Epistemic AI (E-pi) is a research project funded by the European Union under its Horizon 2020 initiative, in particular the Future Emerging Technologies (FET) scheme, which is designed to foster blue-sky thinking and bring about paradigm changes.
This is a four-year (48 months) project that started on 1 March 2021, with a budget of around 3 million euros and three international partners (all universities): Oxford Brookes University (United Kingdom); Katholieke Universiteit Leuven (KU Leuven, Belgium); and Delft University of Technology.
Epistemic AI breaks entirely with the current state of artificial intelligence. This includes the most high-profile ongoing efforts such as continual learning (making learning a life-long endeavour); multi-task learning (distilling knowledge from many tasks to solve a different problem); or meta-learning (learning to learn). All of these are still firmly rooted in AI’s conventional principles, which means that they fail to recognise the foundational issue that the discipline still has with the representation of uncertain knowledge.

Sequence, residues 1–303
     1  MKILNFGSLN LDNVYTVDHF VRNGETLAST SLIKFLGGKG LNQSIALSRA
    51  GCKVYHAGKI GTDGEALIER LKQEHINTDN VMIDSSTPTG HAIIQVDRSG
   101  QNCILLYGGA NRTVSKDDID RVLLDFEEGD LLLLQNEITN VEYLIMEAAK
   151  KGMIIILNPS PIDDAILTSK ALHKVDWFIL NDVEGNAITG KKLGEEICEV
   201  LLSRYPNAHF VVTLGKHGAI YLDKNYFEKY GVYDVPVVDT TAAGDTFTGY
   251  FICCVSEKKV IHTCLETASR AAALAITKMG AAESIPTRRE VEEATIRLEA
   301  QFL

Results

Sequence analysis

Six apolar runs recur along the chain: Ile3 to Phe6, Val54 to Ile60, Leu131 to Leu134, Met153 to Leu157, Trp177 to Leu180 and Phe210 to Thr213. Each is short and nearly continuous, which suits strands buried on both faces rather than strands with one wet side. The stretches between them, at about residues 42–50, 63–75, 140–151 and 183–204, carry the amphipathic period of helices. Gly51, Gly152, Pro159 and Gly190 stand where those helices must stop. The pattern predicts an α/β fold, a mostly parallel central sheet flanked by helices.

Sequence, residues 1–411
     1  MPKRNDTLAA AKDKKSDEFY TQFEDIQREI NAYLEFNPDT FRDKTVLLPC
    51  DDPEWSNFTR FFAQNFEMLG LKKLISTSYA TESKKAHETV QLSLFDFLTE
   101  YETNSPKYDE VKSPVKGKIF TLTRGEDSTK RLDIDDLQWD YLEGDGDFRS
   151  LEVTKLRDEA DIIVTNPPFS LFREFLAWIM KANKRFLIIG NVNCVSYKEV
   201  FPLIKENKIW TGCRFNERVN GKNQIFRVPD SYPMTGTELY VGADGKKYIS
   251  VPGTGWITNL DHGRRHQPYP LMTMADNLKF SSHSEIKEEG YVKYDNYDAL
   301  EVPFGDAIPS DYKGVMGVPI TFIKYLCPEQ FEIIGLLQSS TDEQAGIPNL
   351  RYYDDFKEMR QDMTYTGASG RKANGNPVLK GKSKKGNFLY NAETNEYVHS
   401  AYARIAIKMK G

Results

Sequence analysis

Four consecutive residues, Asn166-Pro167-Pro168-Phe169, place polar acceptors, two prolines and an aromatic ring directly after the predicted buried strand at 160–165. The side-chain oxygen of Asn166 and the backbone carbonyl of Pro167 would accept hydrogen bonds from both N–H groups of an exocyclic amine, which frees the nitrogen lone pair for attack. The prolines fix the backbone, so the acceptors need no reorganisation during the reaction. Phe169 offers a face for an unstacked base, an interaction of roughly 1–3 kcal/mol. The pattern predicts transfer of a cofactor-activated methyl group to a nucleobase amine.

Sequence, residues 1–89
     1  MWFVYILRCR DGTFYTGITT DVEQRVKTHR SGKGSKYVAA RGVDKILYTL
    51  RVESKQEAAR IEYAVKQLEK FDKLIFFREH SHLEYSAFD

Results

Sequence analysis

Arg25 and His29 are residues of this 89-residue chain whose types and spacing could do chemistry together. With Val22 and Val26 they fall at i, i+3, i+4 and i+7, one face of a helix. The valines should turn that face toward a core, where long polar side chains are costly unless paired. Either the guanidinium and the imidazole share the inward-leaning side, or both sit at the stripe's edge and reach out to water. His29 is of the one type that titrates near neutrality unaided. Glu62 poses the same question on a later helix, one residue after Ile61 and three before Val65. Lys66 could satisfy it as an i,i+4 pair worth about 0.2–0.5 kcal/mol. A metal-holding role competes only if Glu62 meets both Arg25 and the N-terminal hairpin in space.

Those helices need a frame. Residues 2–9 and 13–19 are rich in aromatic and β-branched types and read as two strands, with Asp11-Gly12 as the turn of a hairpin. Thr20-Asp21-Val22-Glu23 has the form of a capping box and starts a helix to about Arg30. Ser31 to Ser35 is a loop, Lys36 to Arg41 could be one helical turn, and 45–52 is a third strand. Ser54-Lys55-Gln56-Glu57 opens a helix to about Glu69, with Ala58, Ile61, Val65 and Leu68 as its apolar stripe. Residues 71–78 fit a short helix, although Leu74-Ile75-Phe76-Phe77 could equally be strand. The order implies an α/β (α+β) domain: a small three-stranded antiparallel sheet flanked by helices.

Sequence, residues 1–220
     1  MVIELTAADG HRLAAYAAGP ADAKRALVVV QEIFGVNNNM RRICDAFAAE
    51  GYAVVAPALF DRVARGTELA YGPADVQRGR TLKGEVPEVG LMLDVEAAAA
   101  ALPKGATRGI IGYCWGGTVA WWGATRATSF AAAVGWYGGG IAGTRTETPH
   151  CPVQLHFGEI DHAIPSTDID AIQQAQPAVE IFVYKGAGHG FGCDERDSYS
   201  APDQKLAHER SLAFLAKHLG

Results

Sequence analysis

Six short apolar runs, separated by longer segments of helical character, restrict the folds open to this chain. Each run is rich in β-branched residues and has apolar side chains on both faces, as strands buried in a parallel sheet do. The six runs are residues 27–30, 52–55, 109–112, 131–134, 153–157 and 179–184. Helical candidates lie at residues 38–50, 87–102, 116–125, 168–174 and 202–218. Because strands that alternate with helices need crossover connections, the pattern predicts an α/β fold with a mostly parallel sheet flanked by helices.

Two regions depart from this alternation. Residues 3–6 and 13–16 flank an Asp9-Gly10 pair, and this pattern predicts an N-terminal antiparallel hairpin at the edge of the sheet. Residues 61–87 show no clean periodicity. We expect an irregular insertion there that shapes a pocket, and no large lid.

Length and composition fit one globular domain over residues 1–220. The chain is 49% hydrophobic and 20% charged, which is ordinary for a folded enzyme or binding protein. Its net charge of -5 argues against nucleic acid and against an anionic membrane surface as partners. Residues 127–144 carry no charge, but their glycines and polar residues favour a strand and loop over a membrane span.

Epistemic AI’s overall objective is to create a new paradigm for a next-generation artificial intelligence, providing worst-case guarantees on its predictions using proper modelling of real-world uncertainties. First, a new mathematical framework for optimisation under epistemic uncertainty will be formulated, superseding existing probabilistic approaches. The new optimisation framework will lay the foundations for the creation of new ‘epistemic’ learning paradigms. We will focus, in particular, on some of the most important areas of machine learning: unsupervised learning, supervised learning and reinforcement learning.